Join Date: July 18, 2008
“I've been told by a collector it's only worth about $100 since it's been sporterized”
My favorite people, the ones that say “the value is gone because it has been altered” they say the same thing about period correct collectable rifle that have been fired, as in, it’s scratched, it has a dent, the barrel is newer than the receiver etc.. If it was not for “THE COLLECTOR” I could not afford my vises. Flat top rear sight bridges, round top rear sight bridges, rear sight bridges without ears etc., rear sight bridge height that match the height of the front receiver ring height, then there is the P14 with the M1917 barrel chambered to 308 Norma mag and the P14 with the M1917 30/06 barrel, I paid $50.00 each for the P14s, the 30/06 barrel was a gift, a smith in Kentucky needed a 1894 Krag barrel, I sent him one, about 6 month later he sent me the M1917 barrel with the story about how many volunteers were required to separate the barrel from the receiver. He is in Colorado now.
I found a M1917 Winchester barrel, like new, my friend wants $250.00, I have no interest in ‘bringing’ a M1917 back, the collector value would be less than the sum of the parts.
And my favorite, the ugliest military sporterized rifle ever built, as in “WHAT WAS HE THINKING” and BUBBA, I did not believe anyone could build anything “that ugly” and not know what they were doing, I won the bid, $120.00, all the reasons for failure were eliminated, short hook-up, no floor plate, no magazine box, no recoil lug on the receiver, the recoil lug was on the barrel, something like a Sierra test gun, Timney trigger, the magazine box is part of the bedding meaning when the rifle was bedded the builder formed the magazine with glass, trigger guard, no plate.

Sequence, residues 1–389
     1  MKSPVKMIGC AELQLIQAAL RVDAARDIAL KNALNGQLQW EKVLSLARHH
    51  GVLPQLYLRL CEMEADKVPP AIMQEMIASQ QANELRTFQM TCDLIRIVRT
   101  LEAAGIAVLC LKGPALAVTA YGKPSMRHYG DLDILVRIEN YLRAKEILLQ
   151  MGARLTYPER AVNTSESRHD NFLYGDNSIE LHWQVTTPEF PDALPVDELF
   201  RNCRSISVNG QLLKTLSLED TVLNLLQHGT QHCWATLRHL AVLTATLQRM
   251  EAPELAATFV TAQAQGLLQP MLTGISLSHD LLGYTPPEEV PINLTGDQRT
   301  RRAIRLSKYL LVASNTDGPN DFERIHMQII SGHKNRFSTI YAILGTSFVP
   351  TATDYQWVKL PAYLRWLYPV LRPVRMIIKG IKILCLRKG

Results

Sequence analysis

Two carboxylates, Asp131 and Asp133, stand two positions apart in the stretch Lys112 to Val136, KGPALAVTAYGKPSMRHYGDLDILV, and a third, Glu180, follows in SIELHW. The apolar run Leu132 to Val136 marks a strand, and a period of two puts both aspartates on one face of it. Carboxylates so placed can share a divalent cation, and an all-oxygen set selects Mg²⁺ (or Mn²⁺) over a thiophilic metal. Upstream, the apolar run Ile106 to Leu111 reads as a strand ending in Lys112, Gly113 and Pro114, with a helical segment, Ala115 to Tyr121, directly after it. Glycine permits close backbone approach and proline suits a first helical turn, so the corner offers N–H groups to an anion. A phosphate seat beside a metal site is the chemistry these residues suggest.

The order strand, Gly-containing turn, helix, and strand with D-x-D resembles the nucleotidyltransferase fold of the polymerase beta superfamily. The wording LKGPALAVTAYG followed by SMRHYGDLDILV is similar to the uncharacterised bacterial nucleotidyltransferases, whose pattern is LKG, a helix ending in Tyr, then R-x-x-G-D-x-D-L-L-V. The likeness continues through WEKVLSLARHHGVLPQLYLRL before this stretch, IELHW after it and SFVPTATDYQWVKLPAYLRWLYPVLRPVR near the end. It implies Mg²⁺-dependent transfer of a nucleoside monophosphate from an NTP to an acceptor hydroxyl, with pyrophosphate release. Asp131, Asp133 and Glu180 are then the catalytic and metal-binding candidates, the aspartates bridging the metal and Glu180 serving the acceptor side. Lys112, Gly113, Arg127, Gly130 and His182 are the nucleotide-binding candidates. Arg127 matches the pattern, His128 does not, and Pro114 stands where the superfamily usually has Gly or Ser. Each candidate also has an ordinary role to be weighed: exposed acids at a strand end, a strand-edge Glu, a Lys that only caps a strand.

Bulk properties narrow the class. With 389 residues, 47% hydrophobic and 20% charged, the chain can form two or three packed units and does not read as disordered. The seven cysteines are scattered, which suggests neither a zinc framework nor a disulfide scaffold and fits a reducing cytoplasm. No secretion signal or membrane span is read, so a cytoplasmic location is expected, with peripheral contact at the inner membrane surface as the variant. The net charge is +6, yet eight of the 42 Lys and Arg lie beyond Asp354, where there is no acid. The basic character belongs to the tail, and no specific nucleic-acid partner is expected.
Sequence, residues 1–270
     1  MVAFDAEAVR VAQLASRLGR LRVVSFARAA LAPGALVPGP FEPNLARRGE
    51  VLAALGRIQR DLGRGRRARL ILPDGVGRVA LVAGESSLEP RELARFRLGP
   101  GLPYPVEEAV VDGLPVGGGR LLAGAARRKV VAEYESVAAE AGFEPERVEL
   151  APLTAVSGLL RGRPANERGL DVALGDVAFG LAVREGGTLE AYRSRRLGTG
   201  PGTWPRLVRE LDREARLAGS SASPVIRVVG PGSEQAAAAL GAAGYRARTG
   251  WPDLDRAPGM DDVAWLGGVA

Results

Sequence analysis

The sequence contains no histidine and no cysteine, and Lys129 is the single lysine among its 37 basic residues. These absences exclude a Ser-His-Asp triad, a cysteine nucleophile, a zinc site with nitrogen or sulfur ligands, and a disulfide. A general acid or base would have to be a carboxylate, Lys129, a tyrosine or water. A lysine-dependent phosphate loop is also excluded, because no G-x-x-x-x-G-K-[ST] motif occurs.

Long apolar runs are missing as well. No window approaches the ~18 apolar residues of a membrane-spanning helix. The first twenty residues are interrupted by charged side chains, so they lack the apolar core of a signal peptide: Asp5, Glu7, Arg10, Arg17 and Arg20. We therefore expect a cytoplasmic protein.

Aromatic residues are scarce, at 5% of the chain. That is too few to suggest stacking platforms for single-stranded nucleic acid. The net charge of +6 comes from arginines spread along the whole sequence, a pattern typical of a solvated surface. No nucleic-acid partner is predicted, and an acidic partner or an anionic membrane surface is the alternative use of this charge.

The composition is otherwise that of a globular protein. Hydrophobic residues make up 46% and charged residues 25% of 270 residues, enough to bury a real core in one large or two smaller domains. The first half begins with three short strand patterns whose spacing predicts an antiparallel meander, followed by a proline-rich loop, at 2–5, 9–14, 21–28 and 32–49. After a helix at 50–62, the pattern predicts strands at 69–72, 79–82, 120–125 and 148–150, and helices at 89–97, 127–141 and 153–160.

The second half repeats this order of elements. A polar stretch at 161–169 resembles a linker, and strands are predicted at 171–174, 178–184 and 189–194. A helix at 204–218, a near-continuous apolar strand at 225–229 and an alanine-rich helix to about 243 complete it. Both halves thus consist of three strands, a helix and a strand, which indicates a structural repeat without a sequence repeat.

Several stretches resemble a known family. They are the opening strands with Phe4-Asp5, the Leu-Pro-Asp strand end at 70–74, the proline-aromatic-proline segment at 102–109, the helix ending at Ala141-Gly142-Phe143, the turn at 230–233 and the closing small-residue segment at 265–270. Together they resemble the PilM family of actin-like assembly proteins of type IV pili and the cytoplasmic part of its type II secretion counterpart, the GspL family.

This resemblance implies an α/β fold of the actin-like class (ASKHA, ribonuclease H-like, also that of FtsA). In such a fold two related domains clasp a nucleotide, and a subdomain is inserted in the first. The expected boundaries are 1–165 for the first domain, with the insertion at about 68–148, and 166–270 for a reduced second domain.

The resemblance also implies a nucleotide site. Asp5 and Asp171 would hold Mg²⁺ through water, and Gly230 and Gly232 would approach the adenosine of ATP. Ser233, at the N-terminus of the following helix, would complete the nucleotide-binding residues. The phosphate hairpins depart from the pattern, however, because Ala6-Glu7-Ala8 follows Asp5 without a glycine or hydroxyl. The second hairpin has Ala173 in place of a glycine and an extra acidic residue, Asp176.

I asked the compulsive laugher and gigglers to hold off on their comments long enough for me to complete the bid, I felt all the attention would drive the price up, the accuracy discouraged me from ‘the sum of the parts’ as I said I loaded 12 different loads ‘120 rounds’ different cases, powders and bullets, there were no bad groups, the rifle liked everything.
And in the description “the builder added his driver license to the receiver across the rear sight bridge with an electric stencil”, I can only guess that made the rifle affordable and prevented collectors from bidding.
It is one of my favorite M1917s, it is a Remington, no hole to fill in the rear sight bridge.